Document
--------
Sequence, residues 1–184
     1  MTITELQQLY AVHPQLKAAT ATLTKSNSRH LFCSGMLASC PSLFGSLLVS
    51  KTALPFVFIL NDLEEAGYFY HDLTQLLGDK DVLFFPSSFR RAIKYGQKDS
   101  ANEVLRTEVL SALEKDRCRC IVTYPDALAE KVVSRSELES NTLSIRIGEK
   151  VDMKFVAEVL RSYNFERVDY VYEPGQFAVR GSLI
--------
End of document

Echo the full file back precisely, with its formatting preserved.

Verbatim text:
Sequence, residues 1–184
     1  MTITELQQLY AVHPQLKAAT ATLTKSNSRH LFCSGMLASC PSLFGSLLVS
    51  KTALPFVFIL NDLEEAGYFY HDLTQLLGDK DVLFFPSSFR RAIKYGQKDS
   101  ANEVLRTEVL SALEKDRCRC IVTYPDALAE KVVSRSELES NTLSIRIGEK
   151  VDMKFVAEVL RSYNFERVDY VYEPGQFAVR GSLI